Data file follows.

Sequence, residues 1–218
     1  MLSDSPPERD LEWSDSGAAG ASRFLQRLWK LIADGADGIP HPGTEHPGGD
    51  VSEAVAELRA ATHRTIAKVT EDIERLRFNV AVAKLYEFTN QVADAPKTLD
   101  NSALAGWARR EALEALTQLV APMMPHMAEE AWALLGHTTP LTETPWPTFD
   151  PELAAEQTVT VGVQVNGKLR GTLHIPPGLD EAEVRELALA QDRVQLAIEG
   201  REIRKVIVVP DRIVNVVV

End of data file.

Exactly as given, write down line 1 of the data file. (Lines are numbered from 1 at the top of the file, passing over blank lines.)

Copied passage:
Sequence, residues 1–218